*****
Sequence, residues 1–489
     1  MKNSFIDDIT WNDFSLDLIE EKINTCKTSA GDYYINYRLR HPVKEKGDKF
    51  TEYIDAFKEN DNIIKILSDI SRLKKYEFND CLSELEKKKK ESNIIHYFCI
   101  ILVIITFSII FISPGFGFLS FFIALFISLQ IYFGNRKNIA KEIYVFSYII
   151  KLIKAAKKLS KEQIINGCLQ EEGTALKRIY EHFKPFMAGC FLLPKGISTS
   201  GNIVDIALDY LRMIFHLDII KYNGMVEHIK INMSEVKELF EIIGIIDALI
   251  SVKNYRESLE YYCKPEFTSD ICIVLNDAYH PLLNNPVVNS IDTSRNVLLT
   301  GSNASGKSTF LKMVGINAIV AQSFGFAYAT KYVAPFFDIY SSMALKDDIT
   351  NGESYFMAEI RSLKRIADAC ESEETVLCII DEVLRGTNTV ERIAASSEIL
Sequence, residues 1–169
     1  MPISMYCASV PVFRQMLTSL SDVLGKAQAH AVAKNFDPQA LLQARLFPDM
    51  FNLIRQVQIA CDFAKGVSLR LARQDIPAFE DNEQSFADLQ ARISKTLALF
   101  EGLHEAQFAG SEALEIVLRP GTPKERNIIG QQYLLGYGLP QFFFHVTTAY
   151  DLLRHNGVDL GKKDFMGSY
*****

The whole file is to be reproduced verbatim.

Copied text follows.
Sequence, residues 1–489
     1  MKNSFIDDIT WNDFSLDLIE EKINTCKTSA GDYYINYRLR HPVKEKGDKF
    51  TEYIDAFKEN DNIIKILSDI SRLKKYEFND CLSELEKKKK ESNIIHYFCI
   101  ILVIITFSII FISPGFGFLS FFIALFISLQ IYFGNRKNIA KEIYVFSYII
   151  KLIKAAKKLS KEQIINGCLQ EEGTALKRIY EHFKPFMAGC FLLPKGISTS
   201  GNIVDIALDY LRMIFHLDII KYNGMVEHIK INMSEVKELF EIIGIIDALI
   251  SVKNYRESLE YYCKPEFTSD ICIVLNDAYH PLLNNPVVNS IDTSRNVLLT
   301  GSNASGKSTF LKMVGINAIV AQSFGFAYAT KYVAPFFDIY SSMALKDDIT
   351  NGESYFMAEI RSLKRIADAC ESEETVLCII DEVLRGTNTV ERIAASSEIL
Sequence, residues 1–169
     1  MPISMYCASV PVFRQMLTSL SDVLGKAQAH AVAKNFDPQA LLQARLFPDM
    51  FNLIRQVQIA CDFAKGVSLR LARQDIPAFE DNEQSFADLQ ARISKTLALF
   101  EGLHEAQFAG SEALEIVLRP GTPKERNIIG QQYLLGYGLP QFFFHVTTAY
   151  DLLRHNGVDL GKKDFMGSY